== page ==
Seeing red: success for native squirrel relocation plan

A population of red squirrels has expanded naturally following its reintroduction to the north-west Scottish Highlands in 2016

A project to relocate red squirrels to their former forest homes in north-west Scotland has been boosted by evidence of breeding and natural expansion by the new populations.

Conservation charity Trees for Life wants to reintroduce squirrels to some of their native woodlands in the Highlands, from which the species has been lost. Because reds travel between trees and avoid large open spaces, they are unable to return to isolated forest fragments on their own.


Be informed. Be inspired.

Subscribe to Positive News magazine


“Early indications are that this could be a real wildlife success story,” said Becky Priestley, Trees for Life’s wildlife officer.

“Early new squirrel populations are not only flourishing and breeding in their new homes, they are also starting to spread out into new areas with squirrels being sighted as far as 15 kilometres away.”

Initial relocations took place between the springs of 2016 and 2017, with the first 33 squirrels from Inverness-shire and Moray released at Shieldaig in Wester Ross. This was followed by the release of 22 more at the Coulin Estate next to Beinn Eighe National Nature Reserve near Kinlochewe, and 30 at the village of Plockton.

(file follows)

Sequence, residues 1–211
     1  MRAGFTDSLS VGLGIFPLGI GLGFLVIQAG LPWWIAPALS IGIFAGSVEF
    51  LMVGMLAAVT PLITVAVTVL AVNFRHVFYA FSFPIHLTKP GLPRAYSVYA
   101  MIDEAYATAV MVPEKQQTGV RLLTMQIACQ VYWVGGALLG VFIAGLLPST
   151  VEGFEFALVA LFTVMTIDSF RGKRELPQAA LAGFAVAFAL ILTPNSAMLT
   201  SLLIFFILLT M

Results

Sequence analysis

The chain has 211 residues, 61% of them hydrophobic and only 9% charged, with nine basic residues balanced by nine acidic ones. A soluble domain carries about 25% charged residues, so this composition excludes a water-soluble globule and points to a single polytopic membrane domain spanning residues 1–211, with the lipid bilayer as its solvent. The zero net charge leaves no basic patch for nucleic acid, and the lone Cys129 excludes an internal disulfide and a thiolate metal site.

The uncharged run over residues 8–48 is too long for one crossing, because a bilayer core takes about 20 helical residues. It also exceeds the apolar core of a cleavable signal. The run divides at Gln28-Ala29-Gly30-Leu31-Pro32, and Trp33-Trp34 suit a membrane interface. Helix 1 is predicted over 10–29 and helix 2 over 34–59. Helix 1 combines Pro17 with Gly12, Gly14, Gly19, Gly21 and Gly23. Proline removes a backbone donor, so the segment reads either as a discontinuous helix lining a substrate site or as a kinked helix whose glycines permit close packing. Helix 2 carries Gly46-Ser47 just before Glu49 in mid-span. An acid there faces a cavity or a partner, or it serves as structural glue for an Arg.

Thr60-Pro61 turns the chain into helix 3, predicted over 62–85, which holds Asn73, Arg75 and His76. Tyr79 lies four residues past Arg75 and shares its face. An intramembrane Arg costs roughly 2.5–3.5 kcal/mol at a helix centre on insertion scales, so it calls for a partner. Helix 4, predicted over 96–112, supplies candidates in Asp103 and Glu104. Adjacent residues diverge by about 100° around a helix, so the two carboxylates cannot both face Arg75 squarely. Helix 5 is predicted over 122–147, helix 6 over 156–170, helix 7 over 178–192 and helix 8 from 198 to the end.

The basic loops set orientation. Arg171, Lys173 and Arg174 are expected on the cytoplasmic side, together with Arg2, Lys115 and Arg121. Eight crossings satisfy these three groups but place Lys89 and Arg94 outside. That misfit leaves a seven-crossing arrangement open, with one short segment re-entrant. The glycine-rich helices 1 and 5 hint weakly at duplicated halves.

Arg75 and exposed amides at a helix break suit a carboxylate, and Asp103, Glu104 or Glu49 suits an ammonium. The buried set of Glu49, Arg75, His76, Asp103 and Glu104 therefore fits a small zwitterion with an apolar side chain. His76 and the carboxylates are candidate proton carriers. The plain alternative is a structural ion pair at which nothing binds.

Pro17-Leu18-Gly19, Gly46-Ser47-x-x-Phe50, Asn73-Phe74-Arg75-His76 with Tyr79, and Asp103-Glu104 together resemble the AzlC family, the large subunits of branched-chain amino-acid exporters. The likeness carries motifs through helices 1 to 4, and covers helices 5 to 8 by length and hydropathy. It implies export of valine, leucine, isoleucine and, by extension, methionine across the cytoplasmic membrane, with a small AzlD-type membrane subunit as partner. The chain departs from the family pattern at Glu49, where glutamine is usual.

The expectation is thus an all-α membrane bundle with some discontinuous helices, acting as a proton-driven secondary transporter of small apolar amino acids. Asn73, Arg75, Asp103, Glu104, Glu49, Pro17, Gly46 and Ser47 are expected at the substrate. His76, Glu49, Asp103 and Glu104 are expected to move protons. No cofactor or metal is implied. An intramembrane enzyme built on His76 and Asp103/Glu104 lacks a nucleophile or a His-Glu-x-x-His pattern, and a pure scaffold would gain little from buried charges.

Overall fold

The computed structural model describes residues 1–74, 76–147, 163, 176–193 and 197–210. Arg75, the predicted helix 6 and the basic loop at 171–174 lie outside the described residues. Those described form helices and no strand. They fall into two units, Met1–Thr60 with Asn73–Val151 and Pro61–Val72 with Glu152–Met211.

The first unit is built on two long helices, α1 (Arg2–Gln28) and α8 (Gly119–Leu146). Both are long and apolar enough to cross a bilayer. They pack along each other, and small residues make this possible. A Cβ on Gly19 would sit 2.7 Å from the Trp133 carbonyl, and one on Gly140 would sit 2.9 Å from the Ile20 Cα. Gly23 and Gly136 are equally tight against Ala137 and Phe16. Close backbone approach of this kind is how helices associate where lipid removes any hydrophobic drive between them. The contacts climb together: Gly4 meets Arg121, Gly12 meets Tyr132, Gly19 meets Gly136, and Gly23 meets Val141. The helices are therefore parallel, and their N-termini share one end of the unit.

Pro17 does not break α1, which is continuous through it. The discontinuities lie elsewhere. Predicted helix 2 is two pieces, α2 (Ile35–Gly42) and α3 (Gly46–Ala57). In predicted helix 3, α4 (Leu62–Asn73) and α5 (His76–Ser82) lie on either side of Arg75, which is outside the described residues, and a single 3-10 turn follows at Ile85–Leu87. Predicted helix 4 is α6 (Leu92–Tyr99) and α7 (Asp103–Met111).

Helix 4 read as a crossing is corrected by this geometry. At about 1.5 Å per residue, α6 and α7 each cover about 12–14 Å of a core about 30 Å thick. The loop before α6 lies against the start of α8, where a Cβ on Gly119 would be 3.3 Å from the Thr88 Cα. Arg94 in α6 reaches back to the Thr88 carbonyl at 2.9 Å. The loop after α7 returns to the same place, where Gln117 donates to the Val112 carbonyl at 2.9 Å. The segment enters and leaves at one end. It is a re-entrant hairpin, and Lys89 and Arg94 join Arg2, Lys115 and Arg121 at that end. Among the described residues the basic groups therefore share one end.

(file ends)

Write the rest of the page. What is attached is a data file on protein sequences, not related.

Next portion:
Trees for Life now has evidence of the relocated squirrels breeding two years in a row at Shieldaig, and also of breeding at Plockton.

Early indications are that this could be a real wildlife success story

Priestley said community involvement – from local people reporting sightings and monitoring the squirrels, to carrying out supplementary feeding – was at the heart of the project.

Red squirrels are now rare in the UK with only an estimated 138,000 left. Their numbers have been decimated by the reduction of forests to isolated remnants, and by competition and disease from the non-native grey squirrel.

Trees for Life’s Red Squirrel Reintroduction Project aims to expand significantly the numbers and range of red squirrels by establishing eight new populations in the UK.

Featured image: Peter Cairns / www.scotlandbigpicture.com


 

This article is featured in issue 92 of Positive News magazine. Subscribe now to get the magazine delivered to your door each quarter.

We can't publish Positive News without you. Please join the growing number of people who are supporting our independent, inspiring journalism.Support Positive News